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Resident Evil HD review: Digging up old graves

Hayden Dingman | Jan. 21, 2015
I'm going to go ahead and split my review of Resident Evil HD into two reviews--one for those who are really nostalgic about either the 1996 or 2002 versions of the original Resident Evil, and one review for those who've never played before.

So far, so good.

Capcom's done a fantastic job on the graphics overhaul, too. There are a few blurry textures, but they only stand out because 95 percent of the game is rendered in such beautiful detail you'd never guess this game originally came out in 1996. Not from looking at it, at least.

Playing Resident Evil HD is a different matter. It is quite obviously a game from a specific time — from the fixed camera angles to the limited inventory to the three-second door-open transitions (originally used to mask load times) to the amount of hand-holding the game does (none), this game could only have been made when it was originally made.

And some of what made Resident Evil a classic worthy of an HD update twenty years later is still apparent.

The iconic mansion is a treat. Unlocking new rooms, slowly uncovering the mysteries of the mansion and its past — this holds up wonderfully. Few modern games come close to reaching the same sense of atmosphere as Resident Evil, and remember I'm saying this as someone who'd never completed the game before this week. This isn't nostalgia talking. It's simply that good. Not scary, per se, but still wonderfully creepy.

But uncovering the mansion (let alone the rest of the game) is an exercise in decoding obtuse puzzles, the solutions of which are undoubtedly hidden in some item you don't realize is a thing you can interact with and not just part of the background.

I enjoy linear games. I enjoy open-world games. Both present manners of play that are very different, and yet both effectively guide the player through their structure. Linear games do it by simply moving the player forward, while open-world games let the player choose what to do at any moment and thus present infinite opportunity.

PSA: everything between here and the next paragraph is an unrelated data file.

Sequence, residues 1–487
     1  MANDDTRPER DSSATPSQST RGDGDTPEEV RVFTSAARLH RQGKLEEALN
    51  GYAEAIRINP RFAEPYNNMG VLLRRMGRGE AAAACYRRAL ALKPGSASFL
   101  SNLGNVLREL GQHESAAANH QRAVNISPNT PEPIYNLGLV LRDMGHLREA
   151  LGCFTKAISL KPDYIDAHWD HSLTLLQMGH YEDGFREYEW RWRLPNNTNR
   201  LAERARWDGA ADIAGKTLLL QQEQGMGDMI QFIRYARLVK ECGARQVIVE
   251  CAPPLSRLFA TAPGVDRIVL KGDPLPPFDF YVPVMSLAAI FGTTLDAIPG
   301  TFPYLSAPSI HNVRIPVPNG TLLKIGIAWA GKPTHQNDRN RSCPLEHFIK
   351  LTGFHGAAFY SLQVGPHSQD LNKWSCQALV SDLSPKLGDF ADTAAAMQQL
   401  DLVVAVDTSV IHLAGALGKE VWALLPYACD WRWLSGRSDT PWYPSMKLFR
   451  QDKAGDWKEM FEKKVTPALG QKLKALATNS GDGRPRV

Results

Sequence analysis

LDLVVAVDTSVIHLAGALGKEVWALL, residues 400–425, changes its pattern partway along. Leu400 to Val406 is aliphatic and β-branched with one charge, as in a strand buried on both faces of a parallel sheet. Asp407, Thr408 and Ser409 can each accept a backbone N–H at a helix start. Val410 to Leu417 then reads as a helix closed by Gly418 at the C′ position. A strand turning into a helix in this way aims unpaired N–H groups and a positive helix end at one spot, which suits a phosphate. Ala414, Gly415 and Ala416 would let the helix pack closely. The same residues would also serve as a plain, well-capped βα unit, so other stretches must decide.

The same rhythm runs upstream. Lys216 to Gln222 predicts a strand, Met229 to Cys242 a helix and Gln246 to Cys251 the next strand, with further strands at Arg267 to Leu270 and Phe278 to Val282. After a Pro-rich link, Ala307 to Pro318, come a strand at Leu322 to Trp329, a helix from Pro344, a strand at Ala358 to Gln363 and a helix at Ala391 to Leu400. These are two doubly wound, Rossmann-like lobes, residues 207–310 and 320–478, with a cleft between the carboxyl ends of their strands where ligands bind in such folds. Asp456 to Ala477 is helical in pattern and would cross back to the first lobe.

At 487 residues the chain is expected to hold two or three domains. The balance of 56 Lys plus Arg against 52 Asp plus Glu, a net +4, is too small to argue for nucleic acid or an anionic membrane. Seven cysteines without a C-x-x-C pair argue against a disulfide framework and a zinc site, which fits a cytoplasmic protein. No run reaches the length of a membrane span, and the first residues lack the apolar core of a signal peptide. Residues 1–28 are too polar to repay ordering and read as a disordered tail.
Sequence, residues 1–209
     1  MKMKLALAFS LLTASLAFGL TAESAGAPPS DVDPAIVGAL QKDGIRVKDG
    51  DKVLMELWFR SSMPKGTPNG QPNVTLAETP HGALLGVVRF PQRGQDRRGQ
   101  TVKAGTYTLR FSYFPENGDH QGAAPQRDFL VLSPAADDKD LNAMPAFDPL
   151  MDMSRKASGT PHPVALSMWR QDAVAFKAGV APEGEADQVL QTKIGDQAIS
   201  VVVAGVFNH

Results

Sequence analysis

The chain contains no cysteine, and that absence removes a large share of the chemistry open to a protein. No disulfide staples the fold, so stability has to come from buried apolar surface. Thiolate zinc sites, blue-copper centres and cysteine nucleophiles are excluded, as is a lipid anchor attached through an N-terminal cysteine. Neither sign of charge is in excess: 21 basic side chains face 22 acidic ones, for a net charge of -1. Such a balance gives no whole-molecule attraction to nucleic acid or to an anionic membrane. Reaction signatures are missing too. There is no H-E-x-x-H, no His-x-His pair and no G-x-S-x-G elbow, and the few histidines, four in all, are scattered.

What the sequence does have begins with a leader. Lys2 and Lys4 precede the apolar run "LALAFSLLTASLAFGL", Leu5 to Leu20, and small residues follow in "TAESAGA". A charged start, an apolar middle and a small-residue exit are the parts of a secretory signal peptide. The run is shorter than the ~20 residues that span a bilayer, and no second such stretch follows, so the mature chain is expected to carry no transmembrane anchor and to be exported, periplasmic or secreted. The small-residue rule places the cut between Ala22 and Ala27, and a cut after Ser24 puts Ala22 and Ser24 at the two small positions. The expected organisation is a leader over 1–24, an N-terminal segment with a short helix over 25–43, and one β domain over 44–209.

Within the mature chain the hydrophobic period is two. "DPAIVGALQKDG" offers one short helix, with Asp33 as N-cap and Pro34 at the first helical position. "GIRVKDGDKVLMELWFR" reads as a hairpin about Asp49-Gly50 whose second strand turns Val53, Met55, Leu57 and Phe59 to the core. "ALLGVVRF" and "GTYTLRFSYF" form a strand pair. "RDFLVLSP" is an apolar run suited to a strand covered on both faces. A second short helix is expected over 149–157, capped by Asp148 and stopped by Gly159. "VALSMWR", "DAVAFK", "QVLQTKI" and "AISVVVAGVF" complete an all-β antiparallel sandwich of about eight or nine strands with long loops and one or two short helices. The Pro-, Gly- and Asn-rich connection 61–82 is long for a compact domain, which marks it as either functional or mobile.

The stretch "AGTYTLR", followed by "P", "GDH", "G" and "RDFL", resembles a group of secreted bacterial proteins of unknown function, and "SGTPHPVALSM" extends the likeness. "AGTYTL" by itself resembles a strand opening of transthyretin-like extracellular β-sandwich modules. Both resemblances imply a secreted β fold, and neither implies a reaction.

What I don't especially like is a linear game masquerading as an open-world game, which is basically what Resident Evil does. It presents you with a wide-open world, but there's really only one thing you should be doing at any given moment to progress. Other paths lead to dead ends.

Every person I know who really loves Resident Evil either hasn't played it since release and thus is speaking solely from a place of nostalgia, or has played it many, many times. I expect this is because Resident Evil is much more enjoyable a second or even third time through, once you've memorized the path you're supposed to take through the game and minimized your own frustration.

The first time through Resident Evil, you will be frustrated. A lot. Nearly every puzzle requires a specific item to progress. You can only carry eight items at a time. Excess items must be stored in boxes that are neither convenient nor accessible when you need them, resulting in a lot of backtracking because you "forgot" some stupid thing you didn't even know you needed.

 

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